Monday, June 3, 2013

Our Expensive Jumble Of Intelligence Agencies

The Homeland Security Act was passed in 2002, calling for the establishment of a Department of Homeland Security with a primary mission to:

“prevent terrorist attacks within the United States”;
“reduce the vulnerability of the United States to terrorism”; and
“minimize the damage, and assist in the recovery, from terrorist attacks that do occur within the United States.”

How are they doing?  After 10 years and a Homeland security budget of $59 billion dollars for 2013, how much are you getting for your money??

Yes, there have been some 40 terror attacks foiled since 9/11, so that's pretty good--but at what cost?  (let's see, there have about 4 plots per year, so that works out to $15 billion per foiled attack!)  There are plenty of other intelligence agencies that already existed, so it's difficult to claim that these attacks were foiled strictly due to the Homeland Security department.

How many terrorists has the $7 billion TSA found in screening lines since 9/11?  None!

Add to that another $52.6 billion in 2013 budget request for the CIA and 15 other intelligence agencies, how do you feel now?   Has the CIA EVER done anything right?  They didn't get it right about Iraq.  They don't seem to know ANYTHING about Iran.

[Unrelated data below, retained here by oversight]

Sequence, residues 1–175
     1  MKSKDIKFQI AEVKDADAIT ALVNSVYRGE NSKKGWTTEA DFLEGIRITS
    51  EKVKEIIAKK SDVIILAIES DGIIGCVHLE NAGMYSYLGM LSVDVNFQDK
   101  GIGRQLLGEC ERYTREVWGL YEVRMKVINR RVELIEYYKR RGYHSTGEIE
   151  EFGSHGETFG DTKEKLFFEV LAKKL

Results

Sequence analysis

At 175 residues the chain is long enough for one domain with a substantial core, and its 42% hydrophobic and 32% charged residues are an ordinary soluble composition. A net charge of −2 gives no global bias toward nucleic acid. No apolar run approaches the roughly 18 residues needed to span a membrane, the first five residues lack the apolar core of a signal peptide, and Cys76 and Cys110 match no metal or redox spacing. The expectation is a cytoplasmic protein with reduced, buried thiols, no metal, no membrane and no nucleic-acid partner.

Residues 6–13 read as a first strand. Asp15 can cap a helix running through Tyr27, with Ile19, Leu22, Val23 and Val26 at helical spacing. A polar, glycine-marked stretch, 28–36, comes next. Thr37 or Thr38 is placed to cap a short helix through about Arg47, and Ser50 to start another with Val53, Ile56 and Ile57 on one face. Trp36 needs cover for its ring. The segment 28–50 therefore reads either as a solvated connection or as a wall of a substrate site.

Add another $8.2 billion for the FBI, yet ANOTHER intelligence and law enforcement agency who appears to be constantly butting into state and local jurisdictions.  But at least the FBI DOES something!

Here's a summmary list of our extensive and expensive intelligence agencies from  Wikipedia:

The IC consists of 16 members (also called elements), most of which are offices or bureaus within federal executive departments. The IC is led by theDirector of National Intelligence, whose office, the Office of the Director of National Intelligence (ODNI), is not listed as a member of the IC.
Central Intelligence Agency (CIA)
United States Department of Defense
Defense Intelligence Agency (DIA)
National Security Agency (NSA)
National Geospatial-Intelligence Agency (NGA)
National Reconnaissance Office (NRO)
Air Force Intelligence, Surveillance and Reconnaissance Agency (AFISRA)
Army Intelligence and Security Command (INSCOM)
Marine Corps Intelligence Activity (MCIA)
Office of Naval Intelligence (ONI)
United States Department of Energy
Office of Intelligence and Counterintelligence (OICI)
United States Department of Homeland Security
Office of Intelligence and Analysis (I&A)
Coast Guard Intelligence (CGI)
United States Department of Justice
Federal Bureau of Investigation (FBI)
Drug Enforcement Administration (DEA)
Office of National Security Intelligence (ONSI)
United States Department of State
Bureau of Intelligence and Research (INR)
United States Department of the Treasury
Office of Terrorism and Financial Intelligence (TFI)
Gee, do you think we have enough intelligence????

You can imagine the overlapping of responsibilities between all this bureaucracies?  How many highly paid people descended on Boston to chase two criminal terrorists?  I bet it was over 1000 people at a cost that is unimaginably high.   At the end of the day, it was local citizens who saved the day.

In summary, we spend about $120 billion per annum on a huge jumble of intellegence bureaucracies.  I'm sure that there is room for a lot of consolidation and cost savings.

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